An application running under Intel SGX can invoke EGETKEY to obtain an encryption key from the CPU HW. The same key will be obtained each time the application is run. This allows the application to encrypt data with the key (a/k/a seal it to the SGX enclave), exit, restart, and then decrypt the data again. However, since nothing outside that particular SGX enclave can obtain the key, nothing outside the enclave can access the data. Thus, securely saving persistent data across separate invocations of an SGX enclave is possible.
Is there any equivalent to this with AMD's SEV? I can't find one:-(
It seems that AMD's SEV model is a little different from SGX; rather than the encrypted VM being able to obtain a persistent key from the HW, some remote/external entity would provide any required crypto keys to the VM over a trusted channel after verifying the HW's attestation that the expected code is running inside the VM. However, I'd like to create a VM that's self-contained, and can manage its own data encryption/sealing without requiring an external entity to know/store/provide the key, as is possible with SGX. Is this possible?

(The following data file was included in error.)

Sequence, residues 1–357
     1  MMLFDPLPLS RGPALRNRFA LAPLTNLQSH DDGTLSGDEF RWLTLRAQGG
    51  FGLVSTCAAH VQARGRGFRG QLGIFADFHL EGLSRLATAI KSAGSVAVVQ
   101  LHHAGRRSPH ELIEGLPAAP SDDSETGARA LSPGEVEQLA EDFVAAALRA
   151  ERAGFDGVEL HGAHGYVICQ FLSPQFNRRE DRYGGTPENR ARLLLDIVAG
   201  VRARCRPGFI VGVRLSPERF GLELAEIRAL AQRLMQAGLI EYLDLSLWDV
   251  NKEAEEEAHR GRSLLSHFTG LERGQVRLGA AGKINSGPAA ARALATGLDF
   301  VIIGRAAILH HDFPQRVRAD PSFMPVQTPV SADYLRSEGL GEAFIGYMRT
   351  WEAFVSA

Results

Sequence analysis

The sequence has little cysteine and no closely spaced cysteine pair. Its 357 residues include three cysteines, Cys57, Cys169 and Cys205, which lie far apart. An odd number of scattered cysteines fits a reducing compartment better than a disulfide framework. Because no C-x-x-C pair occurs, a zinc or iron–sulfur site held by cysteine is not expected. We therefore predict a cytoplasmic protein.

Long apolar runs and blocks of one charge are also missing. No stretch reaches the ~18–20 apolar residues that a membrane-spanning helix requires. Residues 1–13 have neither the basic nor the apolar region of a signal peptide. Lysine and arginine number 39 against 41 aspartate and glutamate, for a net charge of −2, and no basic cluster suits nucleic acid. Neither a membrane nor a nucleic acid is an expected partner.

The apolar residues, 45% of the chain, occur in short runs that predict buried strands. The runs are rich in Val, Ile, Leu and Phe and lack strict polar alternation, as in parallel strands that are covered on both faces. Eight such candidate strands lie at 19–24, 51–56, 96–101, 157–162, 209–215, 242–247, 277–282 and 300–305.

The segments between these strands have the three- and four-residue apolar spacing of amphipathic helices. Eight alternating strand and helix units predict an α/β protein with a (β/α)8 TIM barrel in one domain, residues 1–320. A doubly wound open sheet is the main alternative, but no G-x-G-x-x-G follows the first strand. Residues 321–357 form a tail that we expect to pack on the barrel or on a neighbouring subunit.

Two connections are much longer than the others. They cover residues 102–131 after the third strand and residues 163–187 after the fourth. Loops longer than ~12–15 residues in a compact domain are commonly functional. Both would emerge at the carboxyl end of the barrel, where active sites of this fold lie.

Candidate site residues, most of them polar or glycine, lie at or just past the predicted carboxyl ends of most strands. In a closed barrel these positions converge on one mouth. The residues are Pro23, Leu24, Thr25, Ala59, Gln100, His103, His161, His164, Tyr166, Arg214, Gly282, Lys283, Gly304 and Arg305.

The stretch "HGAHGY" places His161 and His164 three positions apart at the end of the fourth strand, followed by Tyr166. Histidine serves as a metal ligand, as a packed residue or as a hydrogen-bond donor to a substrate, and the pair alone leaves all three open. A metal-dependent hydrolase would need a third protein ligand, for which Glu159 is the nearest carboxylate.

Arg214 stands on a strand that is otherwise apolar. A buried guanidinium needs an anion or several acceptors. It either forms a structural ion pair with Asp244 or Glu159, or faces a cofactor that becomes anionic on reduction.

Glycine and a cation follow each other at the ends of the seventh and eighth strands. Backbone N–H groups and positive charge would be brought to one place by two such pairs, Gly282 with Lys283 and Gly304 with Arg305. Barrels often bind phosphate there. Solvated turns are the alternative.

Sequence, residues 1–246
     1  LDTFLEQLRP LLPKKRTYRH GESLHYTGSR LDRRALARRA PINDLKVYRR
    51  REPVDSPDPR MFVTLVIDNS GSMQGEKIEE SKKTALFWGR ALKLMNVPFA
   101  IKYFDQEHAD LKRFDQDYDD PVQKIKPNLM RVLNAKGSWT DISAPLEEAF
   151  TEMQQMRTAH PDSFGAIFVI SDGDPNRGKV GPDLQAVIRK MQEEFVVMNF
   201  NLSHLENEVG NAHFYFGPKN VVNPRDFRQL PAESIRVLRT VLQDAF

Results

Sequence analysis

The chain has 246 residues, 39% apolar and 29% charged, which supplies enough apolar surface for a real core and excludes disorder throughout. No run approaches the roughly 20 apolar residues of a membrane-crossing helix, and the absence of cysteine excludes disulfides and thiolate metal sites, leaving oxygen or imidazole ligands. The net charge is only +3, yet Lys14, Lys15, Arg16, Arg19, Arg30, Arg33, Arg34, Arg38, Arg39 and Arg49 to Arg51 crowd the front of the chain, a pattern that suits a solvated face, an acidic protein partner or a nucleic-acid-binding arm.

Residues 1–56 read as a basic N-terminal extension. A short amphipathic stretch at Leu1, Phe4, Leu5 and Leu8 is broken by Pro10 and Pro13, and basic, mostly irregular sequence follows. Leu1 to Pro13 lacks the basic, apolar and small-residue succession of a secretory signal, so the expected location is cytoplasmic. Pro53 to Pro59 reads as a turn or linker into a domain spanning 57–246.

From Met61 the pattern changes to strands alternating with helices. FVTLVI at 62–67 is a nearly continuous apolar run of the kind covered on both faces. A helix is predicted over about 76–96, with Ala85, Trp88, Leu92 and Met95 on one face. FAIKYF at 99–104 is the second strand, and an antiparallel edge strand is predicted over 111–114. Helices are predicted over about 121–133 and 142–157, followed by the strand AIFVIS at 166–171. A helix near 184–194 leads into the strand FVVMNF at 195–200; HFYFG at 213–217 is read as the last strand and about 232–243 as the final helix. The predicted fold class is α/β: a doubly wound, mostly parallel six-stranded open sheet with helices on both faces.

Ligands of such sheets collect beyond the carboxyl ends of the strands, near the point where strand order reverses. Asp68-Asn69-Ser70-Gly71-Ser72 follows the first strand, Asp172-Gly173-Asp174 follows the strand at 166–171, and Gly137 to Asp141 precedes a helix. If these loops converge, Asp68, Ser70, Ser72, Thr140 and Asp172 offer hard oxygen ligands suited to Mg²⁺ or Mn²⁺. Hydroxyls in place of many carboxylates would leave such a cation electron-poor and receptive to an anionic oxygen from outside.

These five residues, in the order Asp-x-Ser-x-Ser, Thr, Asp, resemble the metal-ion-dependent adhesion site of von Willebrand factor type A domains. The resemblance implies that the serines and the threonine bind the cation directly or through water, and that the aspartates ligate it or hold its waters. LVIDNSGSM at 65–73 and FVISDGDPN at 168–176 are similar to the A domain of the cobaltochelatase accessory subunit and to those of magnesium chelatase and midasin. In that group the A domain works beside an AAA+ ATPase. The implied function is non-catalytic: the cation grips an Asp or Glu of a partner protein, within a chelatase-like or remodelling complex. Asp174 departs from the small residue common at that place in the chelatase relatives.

Notes on rejected possibilities:
- Embedding the key into the VM image will not solve the issue; an external entity could simply examine the VM image and extract the key.
- Storing the key in a TPM won't help; any other software on the host could make use of the same key in the TPM, since the TPM doesn't distinguish between different (different pieces of software) clients on the same system, and so would allow any software to use the key, not just the one VM that "owns" the key. While TPM keys can have authorizations (essentially passwords) attached to them, this would create a circular issue; how to provide the authorization value solely to the one VM.